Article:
We’re in “throw everything at the wall and see what sticks” mode now.

He’s right that a whole lot of violent video games and movies have hit the market in the past 20 years. A lot, lot, lot of guns have been sold too. Annnnnnd

The core argument of gun-rights proponents is that law-abiding people shouldn’t have their liberties limited because of the actions of a deranged few. Hard to see why the same logic wouldn’t apply for video-game aficionados and movies buffs. In fairness to Trump, he’s not talking about a ban here, he’s talking about a ratings system for violence specifically in entertainment. But c’mon: Does anyone believe the degenerate who shot up the school in Parkland would have acted differently if only “Grand Theft Auto” came with a sterner warning?

This is Trump trying to grasp his way to politically solid ground knowing that he’s caught between his base on the one hand and a huge swath of the rest of the country that wants some action on guns. What can he offer the latter that won’t totally alienate the former? How about raising the legal age to purchase an AR-15 to 21, as he suggested yesterday? Would that work? Er, no, says the NRA:

NRA Public Affairs Director Jennifer Baker said in a statement, “Federal Law prohibits adults under the age of 21 from purchasing a handgun from a licensed firearm dealer. Legislative proposals that prevent law-abiding adults aged 18-20 years old from acquiring rifles and shotguns effectively prohibits them for purchasing any firearm, thus depriving them of their constitutional right to self-protection.”

She added, “We need serious proposals to prevent violent criminals and the dangerously mentally ill from acquiring firearms. Passing a law that makes it illegal for a 20 year-old to purchase a shotgun for hunting or an adult single mother from purchasing the most effective self-defense rifle on the market punishes law-abiding citizens for the evil acts of criminals.”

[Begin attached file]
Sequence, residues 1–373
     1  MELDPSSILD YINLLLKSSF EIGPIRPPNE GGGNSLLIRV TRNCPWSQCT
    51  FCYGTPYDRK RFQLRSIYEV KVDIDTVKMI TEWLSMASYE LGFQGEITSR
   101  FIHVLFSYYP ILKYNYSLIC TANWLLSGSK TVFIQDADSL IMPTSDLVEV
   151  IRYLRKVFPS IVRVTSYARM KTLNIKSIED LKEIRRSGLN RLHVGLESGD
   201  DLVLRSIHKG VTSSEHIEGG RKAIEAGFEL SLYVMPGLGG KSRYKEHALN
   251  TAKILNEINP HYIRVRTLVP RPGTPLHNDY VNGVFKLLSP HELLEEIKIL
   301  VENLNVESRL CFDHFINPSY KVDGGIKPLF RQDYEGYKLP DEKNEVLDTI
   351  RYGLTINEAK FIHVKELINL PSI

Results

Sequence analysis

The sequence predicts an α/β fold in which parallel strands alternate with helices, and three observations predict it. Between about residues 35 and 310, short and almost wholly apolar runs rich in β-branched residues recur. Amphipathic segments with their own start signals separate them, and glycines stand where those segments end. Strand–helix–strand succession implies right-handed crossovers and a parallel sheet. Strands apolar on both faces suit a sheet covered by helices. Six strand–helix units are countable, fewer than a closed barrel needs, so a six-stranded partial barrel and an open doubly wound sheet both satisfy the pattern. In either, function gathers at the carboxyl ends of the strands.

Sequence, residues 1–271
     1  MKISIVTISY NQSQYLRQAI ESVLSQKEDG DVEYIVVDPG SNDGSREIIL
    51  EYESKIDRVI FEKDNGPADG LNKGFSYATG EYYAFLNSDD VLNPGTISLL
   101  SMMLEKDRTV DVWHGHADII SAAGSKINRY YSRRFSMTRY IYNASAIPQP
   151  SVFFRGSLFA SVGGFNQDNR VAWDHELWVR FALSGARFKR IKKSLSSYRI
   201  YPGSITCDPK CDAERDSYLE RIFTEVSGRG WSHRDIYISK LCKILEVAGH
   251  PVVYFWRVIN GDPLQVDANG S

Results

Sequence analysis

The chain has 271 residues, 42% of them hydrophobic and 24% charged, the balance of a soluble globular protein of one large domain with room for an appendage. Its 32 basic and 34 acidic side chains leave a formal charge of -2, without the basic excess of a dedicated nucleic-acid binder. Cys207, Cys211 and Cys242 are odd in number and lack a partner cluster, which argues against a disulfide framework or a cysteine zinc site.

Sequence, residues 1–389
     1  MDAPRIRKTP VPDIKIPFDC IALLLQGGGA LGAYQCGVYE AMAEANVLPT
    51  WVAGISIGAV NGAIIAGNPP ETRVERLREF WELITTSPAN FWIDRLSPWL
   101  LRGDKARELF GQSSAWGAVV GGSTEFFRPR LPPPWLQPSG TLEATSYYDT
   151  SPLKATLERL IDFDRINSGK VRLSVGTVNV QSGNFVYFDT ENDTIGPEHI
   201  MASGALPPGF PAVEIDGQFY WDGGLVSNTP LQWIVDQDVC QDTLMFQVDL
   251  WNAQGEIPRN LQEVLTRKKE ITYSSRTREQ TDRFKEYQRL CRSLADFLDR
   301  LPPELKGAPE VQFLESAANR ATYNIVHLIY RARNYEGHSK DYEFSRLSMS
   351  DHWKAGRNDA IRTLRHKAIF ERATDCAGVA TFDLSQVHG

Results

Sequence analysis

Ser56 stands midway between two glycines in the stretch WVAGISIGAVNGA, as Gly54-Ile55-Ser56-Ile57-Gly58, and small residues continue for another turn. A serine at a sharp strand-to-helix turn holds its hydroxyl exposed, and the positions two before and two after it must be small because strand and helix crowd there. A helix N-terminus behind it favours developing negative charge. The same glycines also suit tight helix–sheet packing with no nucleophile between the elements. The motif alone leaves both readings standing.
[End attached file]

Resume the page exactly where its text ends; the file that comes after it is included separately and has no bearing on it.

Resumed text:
How about expanding background checks? POTUS seems keen on that:

Dana Loesch suggested last night that the NRA might be receptive to that proposal, which may or may not be true. But it’s unclear what Trump means. Does he want to expand background checks so that all gun purchases require one, or does he want to expand the background check system to include non-criminal yet still “troubling” behavioral red flags like the ones scattered across the Parkland shooter’s past? That would be dicey constitutionally (although a “Gun Violence Restraining Order” system might survive scrutiny). Florida AG Pam Bondi raised a related idea with Trump at the White House this afternoon:

She seems to be talking about a process where you might lose your guns temporarily if you’re hospitalized for a mental crisis and then indefinitely if the local DA can persuade a judge that it’s not safe to give them back to you. That sounds a lot like a gun-violence restraining order with the notable exception that it’s the state, not the “troubled” person’s family, who’d be petitioning the court to suspend the person’s gun rights. Is the NRA cool with that?

The fact that POTUS is now tweeting praise for the group’s leaders makes me think he knows he’s at risk of a schism on the right:

He’s also been defending his proposal to arm teachers — although, he made clear this morning, not *all* teachers. Only the ones who already own guns and have received training would be encouraged to bring their weapons to class. (He mentioned giving them bonuses to carry too. Is the moral incentive to stop a mass murder while it’s in progress not enough?) I see the logic of that, and “more guns, not less” will play well with the NRA and the right, but my strong suspicion is that most of the country will balk at the idea of solving school shootings by having additional guns in classrooms. See what I mean about Trump’s difficulty in finding solid ground between the two sides?

Exit question via John Ziegler: Would a Hillary victory have been a better outcome for gun-rights supporters on their pet issue? If President Clinton were proposing new gun-control measures, the right would be unified against them irrespective of the substance of the proposals. With Trump proposing them, righties are torn between their support for gun rights and their support for Trump.